Date of Award

1985

Degree Type

Dissertation

Degree Name

Doctor of Philosophy in Psychology

Department

Psychology

First Advisor

Dominic Valentino

Abstract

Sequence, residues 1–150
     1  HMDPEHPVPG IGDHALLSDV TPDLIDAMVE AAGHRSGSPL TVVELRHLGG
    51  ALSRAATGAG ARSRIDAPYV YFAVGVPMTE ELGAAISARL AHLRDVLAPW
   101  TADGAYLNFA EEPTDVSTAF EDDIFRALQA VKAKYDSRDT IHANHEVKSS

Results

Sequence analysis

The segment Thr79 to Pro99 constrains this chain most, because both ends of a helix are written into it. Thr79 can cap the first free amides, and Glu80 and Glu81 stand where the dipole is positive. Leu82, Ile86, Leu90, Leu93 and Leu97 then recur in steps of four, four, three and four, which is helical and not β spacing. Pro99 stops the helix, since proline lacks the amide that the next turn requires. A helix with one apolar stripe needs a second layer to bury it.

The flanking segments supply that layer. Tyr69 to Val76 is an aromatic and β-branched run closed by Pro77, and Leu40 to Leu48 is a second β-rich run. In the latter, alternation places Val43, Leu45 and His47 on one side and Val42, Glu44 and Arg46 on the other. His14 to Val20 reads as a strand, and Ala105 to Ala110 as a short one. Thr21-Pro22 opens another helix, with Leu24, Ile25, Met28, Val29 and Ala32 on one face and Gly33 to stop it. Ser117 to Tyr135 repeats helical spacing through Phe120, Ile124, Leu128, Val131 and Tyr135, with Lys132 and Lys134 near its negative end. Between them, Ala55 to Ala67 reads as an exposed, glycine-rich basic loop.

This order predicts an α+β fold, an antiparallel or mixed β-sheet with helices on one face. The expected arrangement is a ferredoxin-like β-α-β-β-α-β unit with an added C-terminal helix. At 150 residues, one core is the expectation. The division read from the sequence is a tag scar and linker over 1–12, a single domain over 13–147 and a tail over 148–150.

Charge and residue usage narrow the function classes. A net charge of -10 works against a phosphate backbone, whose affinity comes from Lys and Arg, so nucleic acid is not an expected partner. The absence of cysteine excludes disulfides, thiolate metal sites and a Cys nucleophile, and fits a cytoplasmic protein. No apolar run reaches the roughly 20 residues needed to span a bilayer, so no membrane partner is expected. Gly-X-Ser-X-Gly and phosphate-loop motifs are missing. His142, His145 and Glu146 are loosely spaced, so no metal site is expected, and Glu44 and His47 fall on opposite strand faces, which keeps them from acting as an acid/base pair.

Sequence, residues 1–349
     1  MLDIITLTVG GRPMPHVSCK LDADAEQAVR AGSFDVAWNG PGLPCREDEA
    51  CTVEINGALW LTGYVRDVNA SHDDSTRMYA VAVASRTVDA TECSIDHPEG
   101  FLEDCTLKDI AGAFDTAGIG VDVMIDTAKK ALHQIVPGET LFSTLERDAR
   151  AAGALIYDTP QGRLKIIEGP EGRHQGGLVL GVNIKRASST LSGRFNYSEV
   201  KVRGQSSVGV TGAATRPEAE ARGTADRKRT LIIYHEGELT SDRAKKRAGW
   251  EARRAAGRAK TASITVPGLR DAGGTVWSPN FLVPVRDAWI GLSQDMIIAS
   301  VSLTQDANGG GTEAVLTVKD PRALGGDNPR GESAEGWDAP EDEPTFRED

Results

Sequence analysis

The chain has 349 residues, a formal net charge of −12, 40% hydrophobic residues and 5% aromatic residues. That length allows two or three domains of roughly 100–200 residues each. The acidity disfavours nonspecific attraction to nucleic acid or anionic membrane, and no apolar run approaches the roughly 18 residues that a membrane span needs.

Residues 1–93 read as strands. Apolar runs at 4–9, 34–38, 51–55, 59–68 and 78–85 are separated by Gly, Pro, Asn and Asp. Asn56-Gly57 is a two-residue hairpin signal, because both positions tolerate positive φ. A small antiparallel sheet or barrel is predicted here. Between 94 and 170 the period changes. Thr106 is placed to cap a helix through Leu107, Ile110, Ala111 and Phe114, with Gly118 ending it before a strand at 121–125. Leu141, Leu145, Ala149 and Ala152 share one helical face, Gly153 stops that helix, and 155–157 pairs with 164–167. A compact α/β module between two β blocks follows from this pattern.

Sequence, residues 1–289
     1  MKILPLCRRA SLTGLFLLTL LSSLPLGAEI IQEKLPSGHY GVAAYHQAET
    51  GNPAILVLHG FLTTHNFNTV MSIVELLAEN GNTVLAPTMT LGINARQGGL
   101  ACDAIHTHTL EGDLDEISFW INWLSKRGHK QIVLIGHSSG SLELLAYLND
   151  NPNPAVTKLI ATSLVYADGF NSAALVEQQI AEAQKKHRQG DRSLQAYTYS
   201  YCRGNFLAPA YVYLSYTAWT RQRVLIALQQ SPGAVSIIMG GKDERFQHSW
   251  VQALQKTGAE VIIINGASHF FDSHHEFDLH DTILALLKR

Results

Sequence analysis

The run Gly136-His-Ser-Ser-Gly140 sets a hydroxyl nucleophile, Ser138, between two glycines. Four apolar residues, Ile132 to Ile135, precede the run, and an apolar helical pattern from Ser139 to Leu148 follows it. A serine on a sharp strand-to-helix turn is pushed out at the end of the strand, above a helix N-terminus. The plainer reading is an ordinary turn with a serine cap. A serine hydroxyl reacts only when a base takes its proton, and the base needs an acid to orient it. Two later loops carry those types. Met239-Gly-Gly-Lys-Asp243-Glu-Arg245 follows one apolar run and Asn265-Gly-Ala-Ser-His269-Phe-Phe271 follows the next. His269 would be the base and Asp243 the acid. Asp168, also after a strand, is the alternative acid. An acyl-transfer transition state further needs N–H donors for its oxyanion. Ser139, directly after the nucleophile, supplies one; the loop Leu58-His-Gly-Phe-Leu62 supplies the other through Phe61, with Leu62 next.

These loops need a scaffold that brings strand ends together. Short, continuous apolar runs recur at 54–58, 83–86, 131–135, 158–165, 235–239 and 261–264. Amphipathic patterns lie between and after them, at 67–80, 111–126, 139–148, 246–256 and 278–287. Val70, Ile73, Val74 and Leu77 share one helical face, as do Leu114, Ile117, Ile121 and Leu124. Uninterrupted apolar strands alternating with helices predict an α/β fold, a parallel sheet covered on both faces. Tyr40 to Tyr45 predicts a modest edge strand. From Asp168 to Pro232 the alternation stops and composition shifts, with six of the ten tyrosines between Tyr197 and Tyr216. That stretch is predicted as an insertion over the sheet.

Heart rate orientation responses were taken while subjects were administered two tests of leveling and sharpening. The first leveling and sharpening test was neutral in content while the second was designed to be affectively arousing. Subjects were also administered the aggression scale from the Edwards Personal Preference Scale (EPPS) and classified into low and high aggression groups. It was predicted that the use of attention is a major cognitive distinction between levelers and sharpeners. Heart rate orientation responses were used as a measure of attention. It was predicted that sharpeners would exhibit greater orienting behavior than levelers and these attentional differences would be further elucidated by changes in the content of the two leveling and sharpening tasks and by subjects' predisposition towards the trait of aggression. Repeated measures ANOVA showed a significant main effect for task with a decrease in orienting behavior as subjects went from the neutral leveling-sharpening task to the affectively arousing leveling-sharpening task and a significant 3-way interaction with high EPPS-aggression sharpeners and low EPPS-aggression levelers exhibiting significantly different patterns of orientation responses between the leveling-sharpening tasks.

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